It has happened yet again...
We are engrossed in another British series. This time it is Lark Rise to Candleford. Fortunately the series spans a few seasons, so we have plenty of opportunities to quench our unending thirst for British tv. Unfortunately, the show is currently in its last season. It is sad to think that such an addictive, heartwarming, and family-friendly show is coming to an end; but alas, that is the bleak reality of television industry. Lark Rise to Candleford combines elements of some of our favorite programs of the past: Little House on the Prairie, Dr. Quinn Medicine Woman (especially the first few seasons), and Anne of Green Gables. Lark Rise allows viewers to escape to a more innocent time and become part of a warm, welcoming, and sometimes eccentric community while introducing and resolving conflicts that resonate with our modern lives.
Over the past few years we have become increasingly loyal to British period movies and series. We are hard-pressed to find movies, much less television shows, on American tv that are comparable to our favorite British series in plot, scenery, and acting quality. Where are the wholesome programs that were once commonplace on our televisions? In today's world, do we really need more crime-solving shows or sitcoms with crude humor? If programming is meant to help us escape the stress of real life, it is failing in our book. Shows like Lark Rise to Candleford are gems in the modern world; and hopefully, they won't become too rare.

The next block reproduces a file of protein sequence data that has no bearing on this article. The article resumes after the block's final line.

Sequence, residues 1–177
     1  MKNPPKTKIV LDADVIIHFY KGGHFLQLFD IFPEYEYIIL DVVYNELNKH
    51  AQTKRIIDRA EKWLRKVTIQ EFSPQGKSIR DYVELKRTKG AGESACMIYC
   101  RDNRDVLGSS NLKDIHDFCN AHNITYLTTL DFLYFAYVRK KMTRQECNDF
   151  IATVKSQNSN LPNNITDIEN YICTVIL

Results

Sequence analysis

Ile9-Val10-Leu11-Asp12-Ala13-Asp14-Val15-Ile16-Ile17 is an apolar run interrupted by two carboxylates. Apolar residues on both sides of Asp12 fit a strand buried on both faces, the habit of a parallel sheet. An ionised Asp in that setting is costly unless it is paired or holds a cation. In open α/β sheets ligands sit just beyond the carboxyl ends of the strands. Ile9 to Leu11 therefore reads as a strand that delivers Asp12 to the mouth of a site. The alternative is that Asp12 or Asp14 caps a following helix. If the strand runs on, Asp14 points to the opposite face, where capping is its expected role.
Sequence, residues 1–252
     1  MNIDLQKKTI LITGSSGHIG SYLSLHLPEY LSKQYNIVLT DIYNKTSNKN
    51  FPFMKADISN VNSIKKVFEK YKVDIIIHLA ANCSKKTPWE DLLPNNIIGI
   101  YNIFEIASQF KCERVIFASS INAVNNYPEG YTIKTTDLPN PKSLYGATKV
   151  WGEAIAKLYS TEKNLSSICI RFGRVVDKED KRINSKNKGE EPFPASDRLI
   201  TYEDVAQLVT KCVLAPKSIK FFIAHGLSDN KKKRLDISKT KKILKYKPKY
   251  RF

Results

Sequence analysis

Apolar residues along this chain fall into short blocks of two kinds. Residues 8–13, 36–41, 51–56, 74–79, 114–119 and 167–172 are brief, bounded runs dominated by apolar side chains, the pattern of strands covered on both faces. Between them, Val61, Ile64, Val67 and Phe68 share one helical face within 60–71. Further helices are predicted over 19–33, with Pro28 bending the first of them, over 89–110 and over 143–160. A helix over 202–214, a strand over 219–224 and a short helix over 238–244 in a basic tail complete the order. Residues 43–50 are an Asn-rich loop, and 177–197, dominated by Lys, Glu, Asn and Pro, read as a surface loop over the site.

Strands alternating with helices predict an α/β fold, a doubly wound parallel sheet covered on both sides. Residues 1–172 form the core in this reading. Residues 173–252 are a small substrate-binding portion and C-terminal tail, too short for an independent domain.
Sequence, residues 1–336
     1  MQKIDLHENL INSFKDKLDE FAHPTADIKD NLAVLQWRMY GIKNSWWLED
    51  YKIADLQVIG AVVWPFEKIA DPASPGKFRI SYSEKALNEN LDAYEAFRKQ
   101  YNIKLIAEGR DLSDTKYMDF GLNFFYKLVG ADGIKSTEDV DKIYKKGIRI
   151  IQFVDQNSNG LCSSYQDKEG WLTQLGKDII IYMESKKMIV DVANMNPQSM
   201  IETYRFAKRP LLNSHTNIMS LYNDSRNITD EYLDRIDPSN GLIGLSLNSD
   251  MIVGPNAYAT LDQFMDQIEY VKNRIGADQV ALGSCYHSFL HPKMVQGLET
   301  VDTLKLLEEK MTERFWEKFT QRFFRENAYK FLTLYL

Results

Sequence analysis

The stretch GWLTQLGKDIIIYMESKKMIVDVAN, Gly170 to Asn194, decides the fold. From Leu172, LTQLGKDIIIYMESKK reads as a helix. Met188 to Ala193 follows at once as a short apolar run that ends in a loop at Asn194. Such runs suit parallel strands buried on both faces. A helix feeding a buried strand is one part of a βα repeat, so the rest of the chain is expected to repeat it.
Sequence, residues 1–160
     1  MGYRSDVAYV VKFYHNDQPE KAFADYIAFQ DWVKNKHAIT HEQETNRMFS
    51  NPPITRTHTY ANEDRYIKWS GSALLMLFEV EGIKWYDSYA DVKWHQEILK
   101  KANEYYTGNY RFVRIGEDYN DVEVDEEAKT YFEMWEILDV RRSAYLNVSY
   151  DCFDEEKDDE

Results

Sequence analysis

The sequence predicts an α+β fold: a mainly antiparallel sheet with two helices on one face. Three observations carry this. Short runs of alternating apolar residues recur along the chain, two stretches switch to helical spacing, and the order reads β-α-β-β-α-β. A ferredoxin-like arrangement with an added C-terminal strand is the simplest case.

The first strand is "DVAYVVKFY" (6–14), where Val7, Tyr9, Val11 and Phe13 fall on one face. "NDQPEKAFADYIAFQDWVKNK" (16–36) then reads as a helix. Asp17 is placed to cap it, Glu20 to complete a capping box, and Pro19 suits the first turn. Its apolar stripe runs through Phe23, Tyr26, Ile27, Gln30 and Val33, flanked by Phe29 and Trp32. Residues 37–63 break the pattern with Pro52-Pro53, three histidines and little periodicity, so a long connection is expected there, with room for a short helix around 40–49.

We just finished Season 1 of Lark Rise to Candleford and are now beginning Season 2. The series starts off a bit slow, but hits its stride after the second or third episode. The series begins in the small farming hamlet of Lark Rise nestled amid rolling fields of golden grains. The Timmons family is bursting at the seams of their cozy cottage and Emma Timmins decides to send her eldest daughter, Laura, to her post-mistress cousin, Dorcas, in Candleford. Candleford is a small but enterprising town; and as a country girl, Laura must adjust to a more "civilized" lifestyle while learning the rules and regulations of the post office. Lark Rise and Candleford have their prejudices toward one another, and Laura is often caught in the middle. Throughout the first season, Laura matures through her struggles, and the upcoming seasons promise to bring more growth. Cousin Dorcas takes Laura into her post office family and becomes a strong influence in her life. Dorcas is a woman ahead of her times. She is a respected business woman who operates a post office and owns a forge, but she also has weaknesses and is nursing a broken heart.
Meanwhile, the rest of the proud citizens of Lark Rise and Candleford have their own quirks and share of trouble, which adds an intriguing and comical dimension to the show. For fellow fans of British productions, there are a few familiar faces in Lark Rise to Candleford: Brendan Coyle (Nicholas Higgins in North & South and John Bates in Downton Abbey) plays Laura's father; Claudie Blakley (Charlotte Lucas in the 2005 Pride & Prejudice) portrays Laura's mother; and Julia Sawalha (Lydia Bennet in the infamous 1995 mini-series Pride & Prejudice) plays Dorcas Lane.
As Cousin Dorcas would say, Lark Rise to Candleford has become our "one true weakness."